Understanding the behavior of artificial intelligence(AI) agents is one of the pivotal challenges of the next decade of AI. Interpretability or explainability are some of the terms often used to describe methods that provide insights about the behavior of AI programs. Until today, most of the interpretability techniques have focused on exploring the internal structure of deep neural networks. Recently, a group of AI researchers from the Massachusetts Institute of Technology(MIT) are exploring a radical approach that attempts to explain the behavior of AI observing them in the same we study human or animal behavior. They group the ideas in this area under the catchy name of machine behavior which promises to be one of the most exciting fields in the next few years of AI.
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Inverse reinforcement learning (IRL) aims to recover the reward function underlying a Markov Decision Process from behaviors of experts in support of decision-making. Most recent work on IRL assumes the same level of trustworthiness of all expert behaviors, and frames IRL as a process of seeking reward function that makes those behaviors appear (near)-optimal. However, it is common in reality that noisy expert behaviors disobeying the optimal policy exist, which may degrade the IRL performance significantly. To address this issue, in this paper, we develop a robust IRL framework that can accurately estimate the reward function in the presence of behavior noise. In particular, we focus on a special type of behavior noise referred to as sparse noise due to its wide popularity in real-world behavior data. To model such noise, we introduce a novel latent variable characterizing the reliability of each expert action and use Laplace distribution as its prior. We then devise an EM algorithm with a novel variational inference procedure in the E-step, which can automatically identify and remove behavior noise in reward learning. Experiments on both synthetic data and real vehicle routing data with noticeable behavior noise show significant improvement of our method over previous approaches in learning accuracy, and also show its power in de-noising behavior data.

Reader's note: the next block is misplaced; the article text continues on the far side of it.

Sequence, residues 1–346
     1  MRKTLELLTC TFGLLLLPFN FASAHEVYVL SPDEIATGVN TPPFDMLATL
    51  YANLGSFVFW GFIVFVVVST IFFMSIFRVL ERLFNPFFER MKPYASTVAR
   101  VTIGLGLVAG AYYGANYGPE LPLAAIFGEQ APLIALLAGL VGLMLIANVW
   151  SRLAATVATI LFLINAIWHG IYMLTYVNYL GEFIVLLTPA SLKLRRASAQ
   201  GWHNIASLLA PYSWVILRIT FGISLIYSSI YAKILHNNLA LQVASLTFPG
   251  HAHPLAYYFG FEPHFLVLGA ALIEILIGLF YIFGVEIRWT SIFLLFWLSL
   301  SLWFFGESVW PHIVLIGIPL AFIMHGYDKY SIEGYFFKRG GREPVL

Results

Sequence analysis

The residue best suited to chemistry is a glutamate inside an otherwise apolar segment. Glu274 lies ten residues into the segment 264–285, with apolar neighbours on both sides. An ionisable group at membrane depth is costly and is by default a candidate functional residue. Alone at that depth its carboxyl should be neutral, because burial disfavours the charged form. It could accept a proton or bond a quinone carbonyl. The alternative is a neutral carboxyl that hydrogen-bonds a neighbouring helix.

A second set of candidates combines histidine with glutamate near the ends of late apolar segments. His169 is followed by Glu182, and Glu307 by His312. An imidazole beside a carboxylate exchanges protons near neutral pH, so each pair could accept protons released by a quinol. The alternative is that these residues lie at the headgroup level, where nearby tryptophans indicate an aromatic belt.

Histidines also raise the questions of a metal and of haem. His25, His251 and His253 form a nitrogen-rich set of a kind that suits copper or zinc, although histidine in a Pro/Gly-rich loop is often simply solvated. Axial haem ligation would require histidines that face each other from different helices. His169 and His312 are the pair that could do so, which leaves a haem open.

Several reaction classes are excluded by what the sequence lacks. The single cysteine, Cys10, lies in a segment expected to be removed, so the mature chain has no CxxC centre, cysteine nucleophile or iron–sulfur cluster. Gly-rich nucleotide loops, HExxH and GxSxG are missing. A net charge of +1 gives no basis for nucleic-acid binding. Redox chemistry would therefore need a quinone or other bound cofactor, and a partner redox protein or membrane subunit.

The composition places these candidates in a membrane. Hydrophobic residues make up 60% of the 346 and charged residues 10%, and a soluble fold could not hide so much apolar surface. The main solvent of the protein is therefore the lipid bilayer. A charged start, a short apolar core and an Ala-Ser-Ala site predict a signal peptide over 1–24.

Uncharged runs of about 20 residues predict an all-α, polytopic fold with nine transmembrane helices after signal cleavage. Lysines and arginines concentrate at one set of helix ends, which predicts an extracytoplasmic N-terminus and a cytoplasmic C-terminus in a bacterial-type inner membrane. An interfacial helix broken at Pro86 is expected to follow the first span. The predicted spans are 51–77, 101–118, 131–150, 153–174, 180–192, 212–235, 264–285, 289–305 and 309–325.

PARIS – Scientists on Tuesday revealed the "highly unusual" behavior of a male monkey filmed trying to have sex with female deer in Japan -- a rare case of inter-species nookie. Sex between animals from different species is uncommon, but exceptional cases are known to occur, chiefly in domesticated and captive animals, scientists reported in the journal Primates. Mating is usually driven by the need to procreate, while sex across the species line is mostly fruitless or yields sterile offspring. For the new study -- only the second on the phenomenon of inter-species sex -- a Japanese macaque, or "snow monkey," was filmed mounting at least two female Sika deer much larger than itself. Without penetration, the young monkey makes sexual movements while riding on the does' backs on Yakushima Island.
WASHINGTON – Much like human soldiers in combat, members of a large, black, termite-eating ant species found in sub-Saharan Africa march in formation into battle and afterward retrieve wounded comrades and carry them back home to recover. Scientists on Wednesday described the unique rescue behavior of the African Matabele ants, called Megaponera analis, after observing them in Cote d'Ivoire's Comoé National Park, but did not ascribe charitable motives to the insects. "This is not an altruistic behavior," said entomologist Erik Frank of the University of Würzburg in Germany, who led the research published in the journal Science Advances. "The ants do not help the injured out of the goodness of their hearts. There is a clear benefit for the colony: these injured ants are able to participate again in future raids and remain a functioning member of the colony."